The Wolverine

March 2022

The Wolverine: Covering University of Michigan Football and Sports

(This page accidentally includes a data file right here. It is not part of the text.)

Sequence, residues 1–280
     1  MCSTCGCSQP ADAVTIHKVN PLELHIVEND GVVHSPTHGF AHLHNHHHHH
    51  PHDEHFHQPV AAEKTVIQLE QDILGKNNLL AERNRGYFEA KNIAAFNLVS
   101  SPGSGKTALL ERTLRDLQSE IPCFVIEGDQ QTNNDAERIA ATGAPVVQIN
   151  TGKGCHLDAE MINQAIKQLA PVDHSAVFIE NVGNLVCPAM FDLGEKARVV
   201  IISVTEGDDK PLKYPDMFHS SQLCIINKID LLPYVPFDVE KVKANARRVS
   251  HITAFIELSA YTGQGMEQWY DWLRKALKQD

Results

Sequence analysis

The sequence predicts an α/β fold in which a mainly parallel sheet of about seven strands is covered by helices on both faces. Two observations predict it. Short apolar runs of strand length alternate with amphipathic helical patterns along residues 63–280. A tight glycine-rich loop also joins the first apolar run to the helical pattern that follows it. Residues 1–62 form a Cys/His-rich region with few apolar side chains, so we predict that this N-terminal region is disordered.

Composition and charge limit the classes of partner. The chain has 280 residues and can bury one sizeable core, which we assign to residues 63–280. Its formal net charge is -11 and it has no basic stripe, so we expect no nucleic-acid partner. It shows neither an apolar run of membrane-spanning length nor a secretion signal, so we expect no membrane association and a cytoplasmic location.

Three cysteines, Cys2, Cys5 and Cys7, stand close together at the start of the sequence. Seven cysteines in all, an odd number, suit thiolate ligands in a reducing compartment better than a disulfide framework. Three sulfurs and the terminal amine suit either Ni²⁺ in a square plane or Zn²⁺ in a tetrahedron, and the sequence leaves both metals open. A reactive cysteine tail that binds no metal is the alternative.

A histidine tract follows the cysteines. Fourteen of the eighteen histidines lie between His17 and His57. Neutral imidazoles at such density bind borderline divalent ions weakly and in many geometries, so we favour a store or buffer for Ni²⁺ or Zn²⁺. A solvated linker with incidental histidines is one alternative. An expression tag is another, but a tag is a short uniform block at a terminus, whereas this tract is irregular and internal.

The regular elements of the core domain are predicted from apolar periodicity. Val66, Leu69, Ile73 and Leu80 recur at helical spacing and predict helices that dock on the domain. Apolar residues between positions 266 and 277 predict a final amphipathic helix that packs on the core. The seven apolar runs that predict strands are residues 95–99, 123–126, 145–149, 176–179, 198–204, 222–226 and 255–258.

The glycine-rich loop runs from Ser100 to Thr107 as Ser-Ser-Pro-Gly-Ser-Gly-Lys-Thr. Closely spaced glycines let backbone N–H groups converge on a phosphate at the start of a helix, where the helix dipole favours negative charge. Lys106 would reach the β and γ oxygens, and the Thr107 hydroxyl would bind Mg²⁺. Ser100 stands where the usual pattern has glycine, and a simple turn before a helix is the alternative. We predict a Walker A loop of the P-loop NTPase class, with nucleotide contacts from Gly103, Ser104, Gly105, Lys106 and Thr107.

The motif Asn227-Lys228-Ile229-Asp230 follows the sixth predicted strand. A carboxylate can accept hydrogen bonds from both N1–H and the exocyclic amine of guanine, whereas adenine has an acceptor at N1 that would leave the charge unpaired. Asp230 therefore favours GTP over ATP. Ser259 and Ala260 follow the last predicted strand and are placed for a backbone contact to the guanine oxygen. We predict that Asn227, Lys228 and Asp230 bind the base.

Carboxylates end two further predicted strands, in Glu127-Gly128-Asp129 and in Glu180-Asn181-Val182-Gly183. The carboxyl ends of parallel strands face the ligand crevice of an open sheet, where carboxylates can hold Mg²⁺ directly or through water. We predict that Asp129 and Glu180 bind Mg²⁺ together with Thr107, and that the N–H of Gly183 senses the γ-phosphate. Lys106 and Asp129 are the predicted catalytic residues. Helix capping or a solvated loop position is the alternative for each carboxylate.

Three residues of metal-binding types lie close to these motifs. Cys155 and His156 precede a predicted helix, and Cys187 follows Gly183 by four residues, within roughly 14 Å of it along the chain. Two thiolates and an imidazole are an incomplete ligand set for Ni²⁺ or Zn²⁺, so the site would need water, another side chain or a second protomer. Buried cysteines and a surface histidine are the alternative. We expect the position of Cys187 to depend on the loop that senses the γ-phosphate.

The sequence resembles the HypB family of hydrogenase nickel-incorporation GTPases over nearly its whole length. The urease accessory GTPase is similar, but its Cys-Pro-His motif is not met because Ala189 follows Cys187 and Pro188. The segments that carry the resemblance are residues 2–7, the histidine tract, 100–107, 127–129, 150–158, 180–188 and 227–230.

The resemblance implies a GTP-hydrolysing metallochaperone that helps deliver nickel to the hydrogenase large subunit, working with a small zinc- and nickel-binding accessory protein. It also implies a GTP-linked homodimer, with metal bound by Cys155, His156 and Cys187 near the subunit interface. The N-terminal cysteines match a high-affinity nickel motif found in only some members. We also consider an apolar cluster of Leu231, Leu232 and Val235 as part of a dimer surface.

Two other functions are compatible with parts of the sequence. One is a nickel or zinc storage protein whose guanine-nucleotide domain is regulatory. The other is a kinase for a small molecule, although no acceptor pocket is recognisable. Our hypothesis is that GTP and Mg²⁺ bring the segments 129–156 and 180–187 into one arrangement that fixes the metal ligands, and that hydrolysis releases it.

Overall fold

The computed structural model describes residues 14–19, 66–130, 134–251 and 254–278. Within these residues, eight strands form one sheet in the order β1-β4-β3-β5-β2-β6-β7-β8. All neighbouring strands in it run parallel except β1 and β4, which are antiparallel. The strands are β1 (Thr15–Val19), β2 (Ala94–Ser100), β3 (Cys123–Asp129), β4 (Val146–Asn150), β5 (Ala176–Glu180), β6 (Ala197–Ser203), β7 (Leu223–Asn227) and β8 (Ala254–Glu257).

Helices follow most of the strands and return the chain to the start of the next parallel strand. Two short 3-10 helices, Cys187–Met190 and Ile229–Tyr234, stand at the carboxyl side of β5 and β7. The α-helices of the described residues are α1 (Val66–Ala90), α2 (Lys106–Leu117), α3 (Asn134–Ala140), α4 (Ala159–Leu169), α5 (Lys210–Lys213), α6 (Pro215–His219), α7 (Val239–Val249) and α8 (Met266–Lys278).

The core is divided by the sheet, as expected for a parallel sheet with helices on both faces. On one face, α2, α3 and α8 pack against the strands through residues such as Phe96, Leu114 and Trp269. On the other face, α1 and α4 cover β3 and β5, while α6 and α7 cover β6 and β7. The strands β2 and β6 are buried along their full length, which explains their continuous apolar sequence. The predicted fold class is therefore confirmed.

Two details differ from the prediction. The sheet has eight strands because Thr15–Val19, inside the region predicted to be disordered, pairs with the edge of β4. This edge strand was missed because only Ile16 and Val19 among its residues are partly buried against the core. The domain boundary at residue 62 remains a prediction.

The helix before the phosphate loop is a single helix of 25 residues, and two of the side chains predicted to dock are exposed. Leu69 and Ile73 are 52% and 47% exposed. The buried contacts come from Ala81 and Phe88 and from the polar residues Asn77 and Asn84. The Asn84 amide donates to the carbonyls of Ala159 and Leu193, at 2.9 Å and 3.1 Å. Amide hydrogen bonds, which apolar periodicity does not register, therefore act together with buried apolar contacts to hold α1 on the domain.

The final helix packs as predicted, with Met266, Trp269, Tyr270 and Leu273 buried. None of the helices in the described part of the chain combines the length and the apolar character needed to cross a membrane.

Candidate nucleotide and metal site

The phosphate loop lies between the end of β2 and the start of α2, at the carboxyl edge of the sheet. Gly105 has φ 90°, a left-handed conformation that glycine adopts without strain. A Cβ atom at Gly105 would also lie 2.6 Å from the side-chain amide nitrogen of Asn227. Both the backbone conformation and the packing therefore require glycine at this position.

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92 THE WOLVERINE MARCH 2022 BY ANTHONY BROOME C aroline Hendershot finished her Michigan rowing career with plenty of hardware and accolades. The two-time NCAA medalist and 2019 Big Ten Athlete of the Year came from a family of col- legiate athletes, and her star shone the brightest at one of the biggest schools in the country. Hendershot's visit to Michigan was one she would never forget. Her story is simi- lar to many with the streets filled with maize and blue on a football gameday. The scene in Ann Arbor was unlike anything the family had witnessed before. "I remember specifically that my mom and dad came on my official visit with me," she said. "My dad was like a kid in the candy shop. His jaw was open the whole time. He played football at the Naval Academy, so I thought if this is impress- ing him it speaks volumes." Michigan was an easy sell on its own with Mark Rothstein, the only coach in the rowing program's three-decade his- tory. Hendershot cites his mentorship as not only a driving force behind her ath- letic success, but as someone who genu- inely changed her life. "I don't think I would be where I am or who I am without a lot of his tutelage and the lessons that he helped me learn," she said. "Every day I came to row, I learned how capable I was of taking another step. It gave me a lot of confidence over time. He was a big factor in my decision of going to Michigan." Learning how to take the next step and get better every day is also how Hender- shot's career aspirations developed. She graduated with honors with a degree in communications and a focus in digital media. After her freshman year, Hender- shot needed an escape from only partici- pating in college athletics and wanted to get more out of her Michigan experience. She looked into joining clubs on cam- pus and landed on Wolverine Women, an all-female sports talk show on WOLV TV, the university's student-run televi- sion station. It sparked an interest, which led Hendershot to consider what life af- ter college sports looked like. Working in communications with a supportive group of women started her path into media. "I learned that I loved getting to tell stories," she said. "I don't think I had realized that. I was always the one be- ing interviewed and not the one doing the interviewing. When I got to start in- terviewing some of my peers within the athletic department and learning about what made them tick or what they had to overcome, I loved it. It meant that much more watching them play their sport, knowing the background of what they've been through." From there, Hendershot found plenty of ways to stay active in the field. She was a front office associate intern with the Hartford (Conn.) Yard Goats, a minor league baseball team, in 2017 and a sum- mer intern with NBC's Boston affiliate in 2018. Hendershot then served as the in-arena host for the Michigan hockey program during the 2018-19 season. Her résumé also includes a two-month in- ternship with Big Ten Network in the summer of 2019, where she learned all operations of a television broadcast truck. She was selected from a pool of 12 Michigan athletes for a broadcasting im- mersion with CBS Sports' Tracy Wolf- son, a Michigan alum, in December 2017. This allowed her the opportunity to work in a shadowing role with Wolfson, Tony Romo and Jim Nantz, and she was part of a weekend of NFL broadcasts. Aside from broadcasting, she served as the marketing and communications chair for the NCAA Student-Athlete Advisory Committee from 2016-19. She was, and remains, a wearer of many hats. "When I'm busy, I like to stay busy," Hendershot said. "And I do my best work when I'm busy. Student-athletes only have so many free hours in the day. So it makes your time more productive if you have scheduled events into each time slot of your day. It was a lot, but I learned something that I think helped me within the other categories I was participating in. "Coach Mark helped and knew how important that balance was to me." Hendershot graduated in 2019 with plenty of hands-on experience in a num- ber of areas, which led to her first full- time job out of college working for ESPN as a content associate. That helped her develop and continue to flex her produc- tion experience muscles with one of the biggest brands in sports media. "Being thrown into ESPN and being Hendershot was a first-team All-Big Ten rower at Michigan and the 2019 Big Ten Athlete of the Year in the sport. She graduated with honors from the College of Literature, Science and the Arts with a degree in communications. PHOTO COURTESY MICHIGAN PHOTOGRAPHY   WHERE ARE THEY NOW? Caroline Hendershot Races Her Way Into The World Of Sports Broadcasting

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